Perrin school takes a sick day

The flu season has hit one Jack County school especially hard. Perrin-Whitt CISD closed Monday to disinfect the school.

Superintendent Cliff Gilmore noticed a sharp decline in the attendance for the first two days of February making the call to not hold school Monday.

“We had a big drop off in the attendance,” Gilmore said. “Friday, Feb. 2 attendance was 79.44 percent for the elementary. We wanted to make sure if we took off to tie it into a weekend to extend the time that the students were away from each other.”

To bring the Feb. 2 attendance rate into perspective, Perrin’s normal attendance rate is 97 percent.

Even with lower averages during the winter for cold outbreaks, the rate usually doesn’t dip below 92 percent.

The district also experienced several staff absences due to illness which also prompted the school closing for a day.

“We were just trying to help the situation,” Gilmore said. “Our janitorial staff cleaned all the rooms thoroughly and disinfected the tables and chairs.”

The superintendent said he has no idea of the Monday’s closure helped, but attendance is up.

“It’s in the higher 80s, I believe it was 89 (percent) today,” Gilmore said Wednesday. “That’s still low; normal would be around 93 (percent) this time of year.”

Jacksboro ISD has also seen its share of absences this cold season. December and January’s attendance rates were the lowest they have been for the last three years.

The attendance was 91.7 percent for January compared to 94.25 percent in 2017 and 95.54 percent in 2016.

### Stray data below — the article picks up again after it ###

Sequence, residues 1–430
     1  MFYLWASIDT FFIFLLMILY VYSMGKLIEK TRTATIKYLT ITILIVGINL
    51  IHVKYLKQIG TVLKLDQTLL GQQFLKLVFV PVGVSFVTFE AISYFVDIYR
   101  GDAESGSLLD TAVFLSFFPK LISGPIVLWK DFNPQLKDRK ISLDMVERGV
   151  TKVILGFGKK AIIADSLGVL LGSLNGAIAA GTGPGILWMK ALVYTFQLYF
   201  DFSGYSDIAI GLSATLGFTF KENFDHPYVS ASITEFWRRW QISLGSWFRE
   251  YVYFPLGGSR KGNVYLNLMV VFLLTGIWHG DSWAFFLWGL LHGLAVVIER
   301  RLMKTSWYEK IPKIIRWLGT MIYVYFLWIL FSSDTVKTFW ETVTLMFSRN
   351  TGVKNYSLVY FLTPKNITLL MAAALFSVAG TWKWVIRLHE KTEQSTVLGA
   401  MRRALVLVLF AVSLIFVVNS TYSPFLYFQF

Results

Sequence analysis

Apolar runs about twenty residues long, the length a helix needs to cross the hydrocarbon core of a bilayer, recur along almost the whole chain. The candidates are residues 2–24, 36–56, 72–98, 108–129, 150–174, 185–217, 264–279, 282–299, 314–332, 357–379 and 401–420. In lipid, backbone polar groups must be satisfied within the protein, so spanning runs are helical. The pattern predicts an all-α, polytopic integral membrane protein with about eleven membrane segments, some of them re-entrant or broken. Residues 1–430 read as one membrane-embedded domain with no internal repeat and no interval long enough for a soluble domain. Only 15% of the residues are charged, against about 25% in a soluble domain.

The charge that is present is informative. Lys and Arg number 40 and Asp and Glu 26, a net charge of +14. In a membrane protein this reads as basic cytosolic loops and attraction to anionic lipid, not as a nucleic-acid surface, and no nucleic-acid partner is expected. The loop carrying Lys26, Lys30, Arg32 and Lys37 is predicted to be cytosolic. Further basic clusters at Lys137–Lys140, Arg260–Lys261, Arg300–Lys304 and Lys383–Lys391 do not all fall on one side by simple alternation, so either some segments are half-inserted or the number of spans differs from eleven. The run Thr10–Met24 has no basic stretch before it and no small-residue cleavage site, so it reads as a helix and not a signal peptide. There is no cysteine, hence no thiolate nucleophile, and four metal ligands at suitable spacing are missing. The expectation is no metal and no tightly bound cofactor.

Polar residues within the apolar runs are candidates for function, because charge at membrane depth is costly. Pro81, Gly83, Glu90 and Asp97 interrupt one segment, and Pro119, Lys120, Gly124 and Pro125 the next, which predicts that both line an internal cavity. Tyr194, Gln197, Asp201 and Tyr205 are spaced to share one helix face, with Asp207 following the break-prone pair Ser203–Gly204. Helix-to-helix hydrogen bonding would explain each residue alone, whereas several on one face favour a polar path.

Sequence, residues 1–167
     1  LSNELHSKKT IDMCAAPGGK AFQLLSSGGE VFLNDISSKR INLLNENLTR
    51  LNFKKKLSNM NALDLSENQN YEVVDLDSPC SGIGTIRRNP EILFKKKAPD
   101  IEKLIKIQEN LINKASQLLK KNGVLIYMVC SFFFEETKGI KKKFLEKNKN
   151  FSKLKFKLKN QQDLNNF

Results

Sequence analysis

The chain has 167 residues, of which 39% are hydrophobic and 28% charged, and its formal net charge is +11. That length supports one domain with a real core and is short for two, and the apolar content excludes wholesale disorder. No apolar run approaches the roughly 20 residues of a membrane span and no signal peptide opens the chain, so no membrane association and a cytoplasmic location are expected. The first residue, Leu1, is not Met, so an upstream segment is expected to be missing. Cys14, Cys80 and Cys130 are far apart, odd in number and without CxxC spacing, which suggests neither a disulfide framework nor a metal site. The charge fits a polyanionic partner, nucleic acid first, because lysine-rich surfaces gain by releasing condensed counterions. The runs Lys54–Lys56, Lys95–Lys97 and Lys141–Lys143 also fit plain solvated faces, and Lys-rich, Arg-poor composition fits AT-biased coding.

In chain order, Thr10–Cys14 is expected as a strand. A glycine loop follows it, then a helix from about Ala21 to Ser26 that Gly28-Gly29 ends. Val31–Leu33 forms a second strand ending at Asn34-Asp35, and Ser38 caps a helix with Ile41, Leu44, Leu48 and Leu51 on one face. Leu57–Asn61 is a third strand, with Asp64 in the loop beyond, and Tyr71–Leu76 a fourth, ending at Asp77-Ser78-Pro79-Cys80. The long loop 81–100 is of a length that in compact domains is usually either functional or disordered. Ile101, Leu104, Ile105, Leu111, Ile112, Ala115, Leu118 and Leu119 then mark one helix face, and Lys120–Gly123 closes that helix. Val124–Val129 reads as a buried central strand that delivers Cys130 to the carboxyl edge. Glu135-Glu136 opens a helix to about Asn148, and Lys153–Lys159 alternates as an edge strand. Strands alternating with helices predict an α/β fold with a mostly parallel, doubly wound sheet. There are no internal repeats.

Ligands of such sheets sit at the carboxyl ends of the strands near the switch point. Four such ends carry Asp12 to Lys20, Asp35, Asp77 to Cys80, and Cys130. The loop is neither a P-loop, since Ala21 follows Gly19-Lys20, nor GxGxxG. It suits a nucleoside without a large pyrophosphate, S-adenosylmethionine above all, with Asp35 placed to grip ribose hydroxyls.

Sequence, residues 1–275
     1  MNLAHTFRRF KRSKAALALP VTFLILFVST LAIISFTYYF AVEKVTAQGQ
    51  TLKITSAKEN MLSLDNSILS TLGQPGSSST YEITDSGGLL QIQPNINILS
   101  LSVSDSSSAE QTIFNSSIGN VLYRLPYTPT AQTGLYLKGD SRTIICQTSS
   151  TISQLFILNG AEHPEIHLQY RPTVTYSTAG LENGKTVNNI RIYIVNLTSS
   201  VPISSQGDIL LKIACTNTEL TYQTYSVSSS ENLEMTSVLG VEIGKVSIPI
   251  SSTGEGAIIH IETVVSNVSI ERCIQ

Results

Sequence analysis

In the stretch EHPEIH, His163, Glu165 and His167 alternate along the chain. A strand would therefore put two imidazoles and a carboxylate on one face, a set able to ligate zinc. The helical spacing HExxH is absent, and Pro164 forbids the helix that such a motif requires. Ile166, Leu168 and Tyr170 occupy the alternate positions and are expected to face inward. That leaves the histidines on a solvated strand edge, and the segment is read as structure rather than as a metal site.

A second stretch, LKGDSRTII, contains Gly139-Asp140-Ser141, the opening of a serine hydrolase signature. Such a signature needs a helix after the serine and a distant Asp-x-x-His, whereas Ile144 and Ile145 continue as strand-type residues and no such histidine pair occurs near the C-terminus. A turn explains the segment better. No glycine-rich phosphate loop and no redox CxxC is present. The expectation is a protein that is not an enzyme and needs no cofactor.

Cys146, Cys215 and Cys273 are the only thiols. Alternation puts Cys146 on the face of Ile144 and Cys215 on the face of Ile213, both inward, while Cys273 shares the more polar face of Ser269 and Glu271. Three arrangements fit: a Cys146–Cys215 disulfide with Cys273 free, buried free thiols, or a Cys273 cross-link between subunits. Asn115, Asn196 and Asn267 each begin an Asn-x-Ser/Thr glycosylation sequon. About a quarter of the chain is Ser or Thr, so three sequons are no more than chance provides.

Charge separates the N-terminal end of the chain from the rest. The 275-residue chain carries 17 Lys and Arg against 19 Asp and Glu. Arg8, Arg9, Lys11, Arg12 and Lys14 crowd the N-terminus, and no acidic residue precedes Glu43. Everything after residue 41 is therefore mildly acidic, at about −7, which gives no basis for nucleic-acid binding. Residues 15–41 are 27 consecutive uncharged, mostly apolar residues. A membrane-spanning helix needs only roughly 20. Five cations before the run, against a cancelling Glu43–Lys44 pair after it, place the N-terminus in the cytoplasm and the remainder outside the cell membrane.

The highest number of students absent in January was 104 for all three Jacksboro campuses. That number has been decreasing with 57 absences district wide Tuesday.

District attendance coordinator Teresa Teague noted that not all of those absences are illness-related. Some are the results of scheduled doctors’ appointments.

Though no attendance numbers were provided, Bryson Superintendent David Stout said his school has fared fairly well so far during this flu season.

“There have been a few days where our attendance was slightly less than average but overall we have been blessed to come through this issue thus far without major issues,” Stout said. “Our normal cleaning staff does a wonderful job and our entire staff and parents work together to help keep things clean and sanitized or to keep those that are ill out of school until they are no longer infectious.  

“All of these things work together to allow for the cleanest environment possible for our learning environment in times that society is dealing with high infection.”

Jacksboro Newspapers

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